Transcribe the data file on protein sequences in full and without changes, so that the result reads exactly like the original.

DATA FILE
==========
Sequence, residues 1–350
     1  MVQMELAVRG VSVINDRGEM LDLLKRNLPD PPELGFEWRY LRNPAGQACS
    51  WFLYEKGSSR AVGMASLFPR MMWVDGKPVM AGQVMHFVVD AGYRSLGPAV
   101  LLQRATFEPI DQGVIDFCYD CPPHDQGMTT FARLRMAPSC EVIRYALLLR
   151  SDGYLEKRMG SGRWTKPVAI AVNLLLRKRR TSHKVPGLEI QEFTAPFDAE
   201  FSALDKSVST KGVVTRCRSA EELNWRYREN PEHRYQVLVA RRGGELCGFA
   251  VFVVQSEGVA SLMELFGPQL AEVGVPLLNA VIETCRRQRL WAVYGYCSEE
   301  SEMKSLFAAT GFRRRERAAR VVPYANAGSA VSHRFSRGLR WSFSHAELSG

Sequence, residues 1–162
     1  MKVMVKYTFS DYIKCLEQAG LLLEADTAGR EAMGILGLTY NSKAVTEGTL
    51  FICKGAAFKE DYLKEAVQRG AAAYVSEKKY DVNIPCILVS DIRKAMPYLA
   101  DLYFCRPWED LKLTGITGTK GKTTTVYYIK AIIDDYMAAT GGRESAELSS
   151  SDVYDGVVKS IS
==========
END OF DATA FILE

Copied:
Sequence, residues 1–350
     1  MVQMELAVRG VSVINDRGEM LDLLKRNLPD PPELGFEWRY LRNPAGQACS
    51  WFLYEKGSSR AVGMASLFPR MMWVDGKPVM AGQVMHFVVD AGYRSLGPAV
   101  LLQRATFEPI DQGVIDFCYD CPPHDQGMTT FARLRMAPSC EVIRYALLLR
   151  SDGYLEKRMG SGRWTKPVAI AVNLLLRKRR TSHKVPGLEI QEFTAPFDAE
   201  FSALDKSVST KGVVTRCRSA EELNWRYREN PEHRYQVLVA RRGGELCGFA
   251  VFVVQSEGVA SLMELFGPQL AEVGVPLLNA VIETCRRQRL WAVYGYCSEE
   301  SEMKSLFAAT GFRRRERAAR VVPYANAGSA VSHRFSRGLR WSFSHAELSG

Sequence, residues 1–162
     1  MKVMVKYTFS DYIKCLEQAG LLLEADTAGR EAMGILGLTY NSKAVTEGTL
    51  FICKGAAFKE DYLKEAVQRG AAAYVSEKKY DVNIPCILVS DIRKAMPYLA
   101  DLYFCRPWED LKLTGITGTK GKTTTVYYIK AIIDDYMAAT GGRESAELSS
   151  SDVYDGVVKS IS